SONET / SDH vs. DWDM: which is better?

The main differences between SDH and DWDM are listed below:

Number of topological structures for the same traffic More Fewer
costs Lower Higher
Application scenario The perfect choice when the design requires fewer than 4-10 OC-192 rings. Usually for the previous network structure. The perfect choice when the design calls for more than 10 OC-192 rings. Better for future network construction.
Number of optical fibers required More Fewer

The need for SONET granularity is due to the presence of low speed service requests, e.g. DS1 / DS3, and the insufficient maintenance of the sub-wavelengths within the DWDM platforms. DWDM aims to transmit the same traffic in as few topological structures (e.g. rings) as possible. DWDM does this at the expense of the ability for some visitors to travel greater distances than the SONET. For any simple example, the very best SONET design can create a bundle of topologically different OC-48 and OC-192 rings, while the most economical DWDM transport network can consist of just a single DWDM ring.

Traditionally, Internet traffic is over IP, which is then routed over ATM and SONET / SDH or IP over SDH to an optical layer (as shown in the figure below). The misconception that IP runs over ATM / SDH is the fact that IP traffic is small and needs to be combined with other services for cost-effective delivery. In contrast to this deception, the concept of IP over DWDM supports voice, video and data traffic and dedicates the rest to high-speed traffic. The elimination of layers (SONET / ATM) simplifies the task of network management and is cost effective.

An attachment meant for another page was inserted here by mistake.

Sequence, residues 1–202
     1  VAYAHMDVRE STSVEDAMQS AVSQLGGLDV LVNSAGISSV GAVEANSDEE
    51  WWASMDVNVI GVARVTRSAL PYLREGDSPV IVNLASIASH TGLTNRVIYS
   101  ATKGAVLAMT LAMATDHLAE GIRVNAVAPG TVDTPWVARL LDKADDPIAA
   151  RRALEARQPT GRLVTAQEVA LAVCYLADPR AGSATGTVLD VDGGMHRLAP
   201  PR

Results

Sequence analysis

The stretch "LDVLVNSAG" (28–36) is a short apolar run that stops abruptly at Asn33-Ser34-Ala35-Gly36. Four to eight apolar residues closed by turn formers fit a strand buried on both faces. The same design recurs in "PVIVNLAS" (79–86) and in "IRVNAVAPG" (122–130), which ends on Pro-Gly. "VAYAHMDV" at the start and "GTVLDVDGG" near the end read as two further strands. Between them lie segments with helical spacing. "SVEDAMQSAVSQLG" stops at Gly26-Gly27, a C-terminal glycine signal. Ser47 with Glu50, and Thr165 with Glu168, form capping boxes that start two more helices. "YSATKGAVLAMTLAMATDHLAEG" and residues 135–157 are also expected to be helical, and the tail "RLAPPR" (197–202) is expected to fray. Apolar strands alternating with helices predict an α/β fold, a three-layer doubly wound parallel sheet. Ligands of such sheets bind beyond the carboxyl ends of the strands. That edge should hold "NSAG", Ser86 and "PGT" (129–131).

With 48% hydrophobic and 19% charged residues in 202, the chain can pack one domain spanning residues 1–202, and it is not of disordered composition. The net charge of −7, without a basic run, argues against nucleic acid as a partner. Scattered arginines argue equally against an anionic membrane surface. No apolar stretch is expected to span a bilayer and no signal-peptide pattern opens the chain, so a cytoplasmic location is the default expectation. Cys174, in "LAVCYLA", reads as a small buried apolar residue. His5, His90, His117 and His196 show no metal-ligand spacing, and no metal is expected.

Figure 1: Internet traffic on SONET / SDH and DWDM

SONET: the past

As expected, the SONET scenarios have a low initial cost. When the traffic volume is low, a SONET architecture is much more economical compared to the DWDM architecture. The modeling of FS shows that when designing a SONET overlay network with OC-3, OC-12, OC-48, and Gigabit Ethernet requirements, a SONET network is the perfect choice if the design is less than 4-10 OC-192 rings required.

DWDM: Today and in the future

As the volume of traffic increases, sooner or later DWDM will prevail and become the preferred network technology. The timing of this transition depends, among other things, on the spans, pricing and interface density. The differences between the types of demand are mainly due to the design efficiency of the interface cards of these two technologies in terms of density and price. The study by FS also shows that span spacing typically creates the additional need for regenerators, optical amplifiers and DCMs in the lines. Long spans tend to favor a DWDM architecture because of the efficient use of fibers and optical bypass capabilities at intermediate nodes.

In addition, higher fiber costs and situations where fiber restrictions are enforced lead to more consideration for DWDM than SONET because DWDM saves a tremendous amount of fiber within the optical network. DWDM systems could be planned for a large number of channels, but a pay-as-you-grow strategy can be used and channels added based on demand. The amplifier distance and total system power budget must be calculated from the start for the final number of channels.

Figure 2: SONET vs. DWDM


Different alternatives and their economic implications in designing the very same network is definitely an interesting topic. SONET is still doing better. However, these results do not apply in all situations. The implication is that in large network designs, the most optimized network need not necessarily have a single architecture. One part of the network can take on rings while another part implements point-to-point. Usually the core part of the network will justify a DWDM architecture.